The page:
United Airlines reported impressive operational improvement for May 2017, all thanks to the carrier's recent policy changes designed specifically to improve customer experience. The airline's operational report for May showed an incredible 79 percent drop (year-over-year) in the number of involuntary denied boardings. This averages to about two denials a day, much lower than the 2016 average of ten per day. There was a total of 3,765 denials in all of 2016. If May's numbers are any indication of a broader trend, then 2017's total should be significantly lower.
It is fairly obvious that the so-called 'customer-focused policy changes', as United president Scott Kirby termed them, along with United's eagerness to report publicly on their apparent success, are an attempt by the carrier to improve customer relations after the now-infamous April 2017 incident surrounding an involuntary denied boarding.
The scandal, occurring April 9th of this year, happened on an allegedly overbooked flight out of Chicago O'Hare International Airport. A video leaked to the Internet and subsequently viewed by millions showed a United passenger being forcefully dragged from Flight 3411 by local law enforcement. Passengers, who suffered a 2-hour delay as a result of the confrontation, were reportedly disturbed by the incident.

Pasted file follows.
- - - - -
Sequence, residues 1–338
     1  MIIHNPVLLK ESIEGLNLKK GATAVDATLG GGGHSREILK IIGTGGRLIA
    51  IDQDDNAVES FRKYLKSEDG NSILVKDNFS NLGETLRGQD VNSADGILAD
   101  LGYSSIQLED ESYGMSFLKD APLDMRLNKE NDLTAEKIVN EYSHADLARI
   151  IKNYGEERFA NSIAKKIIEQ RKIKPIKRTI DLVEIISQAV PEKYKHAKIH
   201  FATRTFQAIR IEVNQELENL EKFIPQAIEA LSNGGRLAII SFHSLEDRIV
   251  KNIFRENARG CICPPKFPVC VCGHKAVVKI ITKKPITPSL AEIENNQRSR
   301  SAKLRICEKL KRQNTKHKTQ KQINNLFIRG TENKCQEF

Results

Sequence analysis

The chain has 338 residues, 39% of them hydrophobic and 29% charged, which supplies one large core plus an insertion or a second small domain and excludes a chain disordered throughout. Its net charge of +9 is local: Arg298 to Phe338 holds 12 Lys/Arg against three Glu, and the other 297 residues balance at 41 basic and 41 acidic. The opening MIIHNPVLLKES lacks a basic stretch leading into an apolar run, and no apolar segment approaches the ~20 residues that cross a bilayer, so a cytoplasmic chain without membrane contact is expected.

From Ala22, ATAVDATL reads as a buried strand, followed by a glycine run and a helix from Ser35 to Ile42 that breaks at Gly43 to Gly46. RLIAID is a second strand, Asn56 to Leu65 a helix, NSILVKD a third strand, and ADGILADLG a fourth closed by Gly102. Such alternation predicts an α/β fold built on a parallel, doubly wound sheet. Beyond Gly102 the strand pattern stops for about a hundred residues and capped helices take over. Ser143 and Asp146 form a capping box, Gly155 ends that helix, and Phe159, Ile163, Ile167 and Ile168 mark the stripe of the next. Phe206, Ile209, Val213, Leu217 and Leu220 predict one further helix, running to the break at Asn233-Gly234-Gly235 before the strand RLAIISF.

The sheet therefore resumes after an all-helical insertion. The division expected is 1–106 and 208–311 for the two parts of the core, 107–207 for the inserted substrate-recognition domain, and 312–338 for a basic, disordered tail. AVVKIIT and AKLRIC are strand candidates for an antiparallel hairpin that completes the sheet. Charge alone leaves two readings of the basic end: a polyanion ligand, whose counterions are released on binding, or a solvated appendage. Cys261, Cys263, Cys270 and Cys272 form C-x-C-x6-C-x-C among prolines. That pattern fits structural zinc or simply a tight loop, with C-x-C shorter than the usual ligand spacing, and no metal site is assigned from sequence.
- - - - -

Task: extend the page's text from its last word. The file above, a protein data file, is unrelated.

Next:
While United's motives for the policy changes are transparent, a reduction in involuntary denied boardings is a good thing. Such denials are never a pleasant situation, and it's reassuring that United has taken successful steps to reduce them, even if its reasoning is ultimately self-serving.
As part of the carrier's policy change, United also increased compensation for involuntary denials and established a new rule to never remove boarded passengers in cases of overbooking. Hopefully, United will continue to observe and possibly enhance these clearly effective policy changes.